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Sunday, Aug. 31, 2008

Why is Japan lagging in solar-energy field?


Staff writer

In the renewable energy industry, how does Japan compare with the rest of the world?

News photo
Power point: A Sharp Corp. staffer displays some of the Osaka-based firm's solar-power equipment. For many years, Sharp was the world's top producer of solar-power equipment, but it was overtaken in 2007 by Q-Cells because the German firm correctly anticipated the huge surge in demand for silicon and secured scarce supplies ahead of its Japanese rival. KYODO PHOTO

While Japan was long the world's leader in both domestic solar-power output and the manufacture of solar- power equipment, it lost its top spot in 2005 just as the market surged, mostly in Europe.

Here, Kimio Yamaka, chief researcher and director general of the economic and industrial research department at the semi-governmental Development Bank of Japan, answers some key questions concerning this fast-changing sector in an interview with Tomoko Otake.

Why was Sharp, for years the world's largest solar-power equipment manufacturer, overtaken by Germany's Q-Cells in 2007 and is now also closely trailed by makers in the United States and China?

Because in the past few years the market has grown at a much faster rate than many people here had imagined. In 2004, Germany started "feed-in tariffs" (see lead story), which led to a severe shortage of the silicon used for solar cells. Q-Cells of Germany and Suntech of China, which have boosted output dramatically in the last few years, betted on an enormous market growth and procured enough silicon. These are startups, so they can make speedy decisions, while most Japanese players are large electronics makers, and their top managers could not move fast enough. Also, to make solar panels, silicon, a chemical element abundant on Earth, needs to be refined, but major silicon makers are reluctant to boost production because they are worried about excessive debt, which they suffered after the late-1990s IT bubble burst.

Are materials other than silicon being explored?

Yes. The price of silicon has jumped 10 times in the last few years, to $400-$500 per kilogram. Now the biggest challenge to solar power is the cost of silicon. Since silicon suppliers demand a long-term procurement arrangement of seven to 10 years with solar-power equipment makers, the prices are not coming down. So new technologies that use less silicon or use no silicon at all are being developed worldwide. These include the so-called thin-film silicon technologies, which use only one-hundredth the amount of silicon compared with conventional equipment. (In thin-film technologies, a thin layer of silicon or other photovoltaic material is coated on plates of glass or stainless steel.) Thin-film materials other than silicon include cadmium telluride, which is a crystalline compound formed from cadmium and tellurium. The U.S. venture company First Solar has grown through using these kind of solar cells.

Are Japanese technologies competitive?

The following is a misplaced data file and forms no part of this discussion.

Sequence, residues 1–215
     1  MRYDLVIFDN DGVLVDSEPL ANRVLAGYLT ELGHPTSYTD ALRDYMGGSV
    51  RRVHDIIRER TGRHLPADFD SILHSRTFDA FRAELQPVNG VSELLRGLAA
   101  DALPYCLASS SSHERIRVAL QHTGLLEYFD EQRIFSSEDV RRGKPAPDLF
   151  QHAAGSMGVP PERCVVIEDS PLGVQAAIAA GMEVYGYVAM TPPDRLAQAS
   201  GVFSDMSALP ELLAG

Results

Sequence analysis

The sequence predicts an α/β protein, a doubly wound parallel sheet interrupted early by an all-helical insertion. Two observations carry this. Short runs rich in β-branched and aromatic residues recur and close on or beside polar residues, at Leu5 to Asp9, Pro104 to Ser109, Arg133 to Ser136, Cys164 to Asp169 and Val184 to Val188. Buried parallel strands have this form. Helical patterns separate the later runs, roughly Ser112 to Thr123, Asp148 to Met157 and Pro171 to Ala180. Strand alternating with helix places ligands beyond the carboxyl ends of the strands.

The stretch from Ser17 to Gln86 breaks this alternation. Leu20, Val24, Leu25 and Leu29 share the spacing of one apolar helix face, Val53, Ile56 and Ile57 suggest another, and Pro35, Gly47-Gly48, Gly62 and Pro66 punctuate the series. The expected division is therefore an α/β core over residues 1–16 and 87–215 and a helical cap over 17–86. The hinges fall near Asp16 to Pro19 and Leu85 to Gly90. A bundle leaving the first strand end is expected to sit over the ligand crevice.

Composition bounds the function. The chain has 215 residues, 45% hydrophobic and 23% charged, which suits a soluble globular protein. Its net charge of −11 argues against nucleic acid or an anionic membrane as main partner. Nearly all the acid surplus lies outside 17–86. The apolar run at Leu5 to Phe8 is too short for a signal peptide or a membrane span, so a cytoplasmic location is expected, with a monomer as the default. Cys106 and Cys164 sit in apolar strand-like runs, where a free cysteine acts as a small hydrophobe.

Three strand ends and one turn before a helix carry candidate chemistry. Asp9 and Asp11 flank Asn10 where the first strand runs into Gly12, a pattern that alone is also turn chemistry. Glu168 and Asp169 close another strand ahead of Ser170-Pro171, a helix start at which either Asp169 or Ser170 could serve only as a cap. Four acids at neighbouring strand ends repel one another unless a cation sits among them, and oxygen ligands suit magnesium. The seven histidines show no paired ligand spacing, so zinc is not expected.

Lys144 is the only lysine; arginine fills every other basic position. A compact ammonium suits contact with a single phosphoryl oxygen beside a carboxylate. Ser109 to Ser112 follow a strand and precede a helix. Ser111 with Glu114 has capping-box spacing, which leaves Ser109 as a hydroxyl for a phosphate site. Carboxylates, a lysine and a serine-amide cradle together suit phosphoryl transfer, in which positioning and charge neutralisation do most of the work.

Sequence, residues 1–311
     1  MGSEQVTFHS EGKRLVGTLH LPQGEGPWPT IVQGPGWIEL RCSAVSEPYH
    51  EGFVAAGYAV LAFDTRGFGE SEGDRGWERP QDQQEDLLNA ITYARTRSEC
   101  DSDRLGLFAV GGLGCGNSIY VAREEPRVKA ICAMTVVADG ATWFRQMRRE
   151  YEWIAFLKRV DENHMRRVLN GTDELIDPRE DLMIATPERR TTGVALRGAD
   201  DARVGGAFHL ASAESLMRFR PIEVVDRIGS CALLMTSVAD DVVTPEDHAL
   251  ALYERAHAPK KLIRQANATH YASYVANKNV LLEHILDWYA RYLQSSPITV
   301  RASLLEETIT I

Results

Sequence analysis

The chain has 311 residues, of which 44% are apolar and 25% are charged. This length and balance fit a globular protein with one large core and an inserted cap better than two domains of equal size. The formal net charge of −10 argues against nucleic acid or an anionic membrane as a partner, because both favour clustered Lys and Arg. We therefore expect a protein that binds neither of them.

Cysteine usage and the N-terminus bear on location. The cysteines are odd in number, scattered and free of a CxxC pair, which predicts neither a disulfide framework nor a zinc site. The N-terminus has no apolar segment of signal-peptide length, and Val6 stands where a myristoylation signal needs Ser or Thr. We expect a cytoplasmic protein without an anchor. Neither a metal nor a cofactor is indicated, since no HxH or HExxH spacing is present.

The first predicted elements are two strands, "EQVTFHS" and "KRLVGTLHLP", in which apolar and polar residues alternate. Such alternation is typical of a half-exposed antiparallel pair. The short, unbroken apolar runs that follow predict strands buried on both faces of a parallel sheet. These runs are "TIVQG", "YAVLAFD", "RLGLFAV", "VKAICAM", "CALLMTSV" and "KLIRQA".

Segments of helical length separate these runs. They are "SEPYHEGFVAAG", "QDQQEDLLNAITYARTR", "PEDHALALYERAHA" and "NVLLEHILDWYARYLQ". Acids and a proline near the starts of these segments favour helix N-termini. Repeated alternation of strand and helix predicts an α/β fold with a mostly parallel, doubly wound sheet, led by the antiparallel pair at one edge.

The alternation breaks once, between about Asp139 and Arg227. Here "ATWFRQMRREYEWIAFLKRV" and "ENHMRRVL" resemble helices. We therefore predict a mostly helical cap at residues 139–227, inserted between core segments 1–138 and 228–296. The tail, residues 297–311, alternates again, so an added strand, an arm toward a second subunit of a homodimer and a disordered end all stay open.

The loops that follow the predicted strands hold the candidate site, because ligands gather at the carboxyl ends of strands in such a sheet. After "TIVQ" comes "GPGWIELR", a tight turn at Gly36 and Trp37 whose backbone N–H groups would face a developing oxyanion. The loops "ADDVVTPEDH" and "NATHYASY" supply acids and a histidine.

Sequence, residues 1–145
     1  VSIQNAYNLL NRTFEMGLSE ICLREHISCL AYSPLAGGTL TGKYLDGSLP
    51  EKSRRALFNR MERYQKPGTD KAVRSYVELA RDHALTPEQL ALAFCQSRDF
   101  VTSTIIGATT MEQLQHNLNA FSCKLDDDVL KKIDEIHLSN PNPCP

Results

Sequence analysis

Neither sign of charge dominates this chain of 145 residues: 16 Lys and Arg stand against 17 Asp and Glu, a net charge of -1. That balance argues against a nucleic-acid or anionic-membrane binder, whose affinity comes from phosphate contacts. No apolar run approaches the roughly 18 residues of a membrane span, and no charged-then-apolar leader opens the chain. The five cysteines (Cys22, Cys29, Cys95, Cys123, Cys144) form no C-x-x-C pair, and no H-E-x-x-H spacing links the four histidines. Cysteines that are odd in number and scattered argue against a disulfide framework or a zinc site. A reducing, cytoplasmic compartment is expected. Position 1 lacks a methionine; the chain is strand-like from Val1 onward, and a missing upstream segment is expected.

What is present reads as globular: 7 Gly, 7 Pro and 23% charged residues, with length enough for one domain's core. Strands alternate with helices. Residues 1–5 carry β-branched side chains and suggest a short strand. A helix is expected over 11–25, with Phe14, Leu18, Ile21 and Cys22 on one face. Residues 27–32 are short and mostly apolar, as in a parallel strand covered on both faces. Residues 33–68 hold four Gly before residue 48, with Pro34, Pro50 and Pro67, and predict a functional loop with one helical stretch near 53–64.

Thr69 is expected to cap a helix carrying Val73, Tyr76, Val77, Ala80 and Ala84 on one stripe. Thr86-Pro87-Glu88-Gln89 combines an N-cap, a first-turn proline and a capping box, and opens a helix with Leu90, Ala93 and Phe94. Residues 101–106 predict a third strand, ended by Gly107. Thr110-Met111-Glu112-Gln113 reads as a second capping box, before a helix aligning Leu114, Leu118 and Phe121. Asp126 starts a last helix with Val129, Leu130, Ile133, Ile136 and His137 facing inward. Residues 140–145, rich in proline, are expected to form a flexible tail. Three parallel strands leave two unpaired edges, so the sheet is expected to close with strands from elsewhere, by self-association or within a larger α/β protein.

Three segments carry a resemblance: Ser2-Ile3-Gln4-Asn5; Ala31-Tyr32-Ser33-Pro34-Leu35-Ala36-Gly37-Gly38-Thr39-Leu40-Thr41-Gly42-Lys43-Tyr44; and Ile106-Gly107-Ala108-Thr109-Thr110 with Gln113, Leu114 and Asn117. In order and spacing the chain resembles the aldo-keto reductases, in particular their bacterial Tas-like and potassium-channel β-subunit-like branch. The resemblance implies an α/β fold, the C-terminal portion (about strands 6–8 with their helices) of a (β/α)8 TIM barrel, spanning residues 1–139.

Japan still has an edge, with a long history in thin-film technology. The chemicals company Kaneka Corp. has developed a thin-film silicon technology that can convert 12 percent of solar energy to electricity, which is quite a feat, considering that other thin-film technologies have energy conversion efficiencies of less than 10 percent. Kaneka's goal is to boost the conversion rate to 14 percent, whereas Sharp Corp. has opted for quantity and has chosen to produce a massive volume of its less- efficient versions, hoping demand is there.

Are the Japanese government's recently announced goals — to boost installed solar-power production capacity by 40 times by 2030, and to halve the price of solar-power equipment for homes from the current average of ¥2.3 million per household in three to five years — achievable?

I think so. With Sharp's plan to build "mega solar" power plants in the city of Sakai, Osaka Prefecture, and with Kaneka's efforts to boost energy-conversion efficiency to 14 percent, I think solar power systems will soon become widely available. (In that plan, part of a "Cool City Sakai" initiative involving the municipality and Kansai Electric Power Co., Sharp will provide a total of 28 MW of solar-power electricity, making the facility one of the biggest in the world. Operations are to begin in March 2010.)

What are other sources of renewable energy that will become widely available to the public in the near future?

Japan is far behind other countries in wind power, partly because windy locations are limited. Solar-powered heating, on the other hand, has a big potential, but it is underutilized. Solar-powered water heaters are very energy efficient and are used in many parts of Europe, with some governments mandating the systems be installed in new homes.

In Japan, unethical business practices by some makers in the 1980s have tainted the image of the entire industry (resulting in withdrawals from the business by many makers, and thus no maintenance services provided for many users). But the Tokyo Metropolitan Government (which aims to raise the use of renewable energy to 20 percent of its total energy consumption by 2020) is aiming for increased use of solar-energy heat, and is planning to introduce a mechanism through which energy saved by using "green heat" could be traded. If the Tokyo government's program starts from next year as planned, it would be a pioneering move.



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